109 US 174 State of Pennsylvania

109 U.S. 174

3 S.Ct. 84

27 L.Ed. 894


November 5, 1883.

[Syllabus from page 174 intentionally omitted]

[Statement of Case from 175 intentionally omitted]

H. G. Ward and M. P. Henry, for petitioner.

Henry Flanders and Thos. F. Bayard, for respondent.


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We are unable to distinguish this case in principle from Ex parte Hagar, 104 U. S. 520, where it was held, on the authority of Ex parte Gordon, Id. 515, that as the admiralty court had jurisdiction of the vessel sued, and the subject-matter of the suit, it could not be restrained by a writ of prohibition from deciding all questions properly arising in that suit. This, like that, is a suit for pilotage fees, and the question is whether a statute of Delaware, under which the fees are claimed, is valid. If valid in Delaware it is in Pennsylvania, and the court sitting in Pennsylvania is as competent to decide that question in a suit of which it has jurisdiction as a court in Delaware. The jurisdiction of the court in Pennsylvania is no more dependent on the validity of the law than was that of the court in Delaware. The subject-matter of the suit is a claim of a Delaware pilot for his pilotage fees under a Delaware statute, and the sole question in the case is whether the fees are recoverable. The vessel when seized was confessedly within the jurisdiction of the court in Pennsylvania, and she was properly brought into court to answer the claim which was made upon her. About that there is no dispute, as there was at the last term in Re Devoe Manuf'g Co. 108 U. S. , [S. C. 2 SUP. CT. REP. 894,] where the question was as to the right of the court in New Jersey to send its process to the place where the seizure was made. There, the question was as to the jurisdiction of the court over a particular place; here, as to the liability of a vessel confessedly seized within the territorial jurisdiction of the court upon a claim subject to judicial determination in an admiralty proceeding. The evident purpose of this application is to correct a supposed error in a judgment of an admiralty court on the merits of an action. That cannot be done by prohibition. The remedy, if any, is by appeal. If an appeal will not lie, then the parties are concluded by what has been done. Congress alone has the power to determine whether the judgment of a court of the United States, of competent jurisdiction, shall be reviewed or not. If it fails to provide for such a review the judgment stands as the judgment of the court of last resort, and settles finally the rights of the parties which are involved.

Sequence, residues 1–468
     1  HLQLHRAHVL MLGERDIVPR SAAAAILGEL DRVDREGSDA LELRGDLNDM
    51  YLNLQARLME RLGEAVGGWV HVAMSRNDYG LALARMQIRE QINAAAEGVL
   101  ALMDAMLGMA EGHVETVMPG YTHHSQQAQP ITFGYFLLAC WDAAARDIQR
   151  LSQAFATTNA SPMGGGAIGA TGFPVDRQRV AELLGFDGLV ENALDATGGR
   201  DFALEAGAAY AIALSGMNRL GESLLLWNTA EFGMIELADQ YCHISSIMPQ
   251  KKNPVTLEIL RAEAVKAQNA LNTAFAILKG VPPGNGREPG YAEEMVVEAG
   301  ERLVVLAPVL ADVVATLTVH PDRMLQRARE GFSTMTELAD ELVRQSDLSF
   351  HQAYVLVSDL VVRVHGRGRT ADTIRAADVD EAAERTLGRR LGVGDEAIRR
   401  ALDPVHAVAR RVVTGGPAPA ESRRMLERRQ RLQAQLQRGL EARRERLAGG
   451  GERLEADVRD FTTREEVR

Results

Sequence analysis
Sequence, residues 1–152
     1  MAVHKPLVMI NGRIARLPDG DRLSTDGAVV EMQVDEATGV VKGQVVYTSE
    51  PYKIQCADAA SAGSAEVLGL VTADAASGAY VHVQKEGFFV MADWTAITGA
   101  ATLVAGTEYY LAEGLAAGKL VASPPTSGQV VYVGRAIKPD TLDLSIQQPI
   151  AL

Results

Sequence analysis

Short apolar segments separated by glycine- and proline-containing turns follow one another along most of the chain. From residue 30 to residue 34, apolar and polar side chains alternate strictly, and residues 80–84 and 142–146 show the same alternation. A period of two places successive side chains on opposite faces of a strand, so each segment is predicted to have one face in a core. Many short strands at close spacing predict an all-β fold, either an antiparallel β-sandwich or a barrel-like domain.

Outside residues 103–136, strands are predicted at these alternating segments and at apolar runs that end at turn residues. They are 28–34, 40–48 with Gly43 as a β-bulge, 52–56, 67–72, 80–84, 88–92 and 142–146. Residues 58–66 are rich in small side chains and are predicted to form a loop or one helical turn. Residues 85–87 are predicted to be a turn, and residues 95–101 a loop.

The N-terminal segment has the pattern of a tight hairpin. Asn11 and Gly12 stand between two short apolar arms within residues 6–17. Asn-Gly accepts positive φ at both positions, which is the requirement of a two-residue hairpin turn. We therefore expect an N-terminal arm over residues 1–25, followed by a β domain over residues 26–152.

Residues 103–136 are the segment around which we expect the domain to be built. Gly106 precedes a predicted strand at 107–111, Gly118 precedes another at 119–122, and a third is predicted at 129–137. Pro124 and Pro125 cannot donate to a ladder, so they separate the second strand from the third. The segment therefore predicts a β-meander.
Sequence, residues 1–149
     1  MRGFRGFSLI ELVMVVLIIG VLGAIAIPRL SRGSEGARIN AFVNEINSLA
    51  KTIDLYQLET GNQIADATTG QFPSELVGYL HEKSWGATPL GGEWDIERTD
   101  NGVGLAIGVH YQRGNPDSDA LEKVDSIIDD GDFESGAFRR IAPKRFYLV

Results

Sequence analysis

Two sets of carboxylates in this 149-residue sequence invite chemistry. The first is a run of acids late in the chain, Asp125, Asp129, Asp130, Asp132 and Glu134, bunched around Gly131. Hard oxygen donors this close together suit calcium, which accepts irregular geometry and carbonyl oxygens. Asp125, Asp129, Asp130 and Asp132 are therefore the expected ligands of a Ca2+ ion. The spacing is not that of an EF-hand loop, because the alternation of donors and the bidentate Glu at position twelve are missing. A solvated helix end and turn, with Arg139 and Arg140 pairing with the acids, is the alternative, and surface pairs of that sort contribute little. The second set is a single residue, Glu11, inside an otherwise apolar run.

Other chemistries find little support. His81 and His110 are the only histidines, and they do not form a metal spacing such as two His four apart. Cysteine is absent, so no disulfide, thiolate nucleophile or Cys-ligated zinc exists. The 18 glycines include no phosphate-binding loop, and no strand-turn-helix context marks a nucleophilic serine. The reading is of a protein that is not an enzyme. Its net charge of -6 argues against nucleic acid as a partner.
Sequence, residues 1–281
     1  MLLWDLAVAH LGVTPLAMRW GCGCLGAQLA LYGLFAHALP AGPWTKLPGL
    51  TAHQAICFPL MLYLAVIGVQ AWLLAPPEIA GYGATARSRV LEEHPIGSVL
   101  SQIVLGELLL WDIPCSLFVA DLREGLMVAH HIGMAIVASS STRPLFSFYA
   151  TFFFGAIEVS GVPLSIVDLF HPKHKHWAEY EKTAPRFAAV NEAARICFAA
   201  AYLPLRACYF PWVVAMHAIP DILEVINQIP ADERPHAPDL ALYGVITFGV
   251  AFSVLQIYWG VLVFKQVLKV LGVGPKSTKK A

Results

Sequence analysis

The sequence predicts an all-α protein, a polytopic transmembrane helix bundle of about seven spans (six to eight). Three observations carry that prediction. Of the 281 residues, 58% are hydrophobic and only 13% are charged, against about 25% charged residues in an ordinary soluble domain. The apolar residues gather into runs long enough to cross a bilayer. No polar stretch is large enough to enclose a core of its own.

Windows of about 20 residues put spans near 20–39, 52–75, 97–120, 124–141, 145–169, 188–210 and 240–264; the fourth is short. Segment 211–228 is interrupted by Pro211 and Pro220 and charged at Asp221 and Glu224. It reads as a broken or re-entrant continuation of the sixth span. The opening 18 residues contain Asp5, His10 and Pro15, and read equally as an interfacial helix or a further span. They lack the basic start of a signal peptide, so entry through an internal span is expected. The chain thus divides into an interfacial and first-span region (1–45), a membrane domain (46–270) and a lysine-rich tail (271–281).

The petition is dismissed.


S. C. sub nom. The Charles A. Sparks and The Agnes R. Bac

on, 16 Fed. Rep. 480.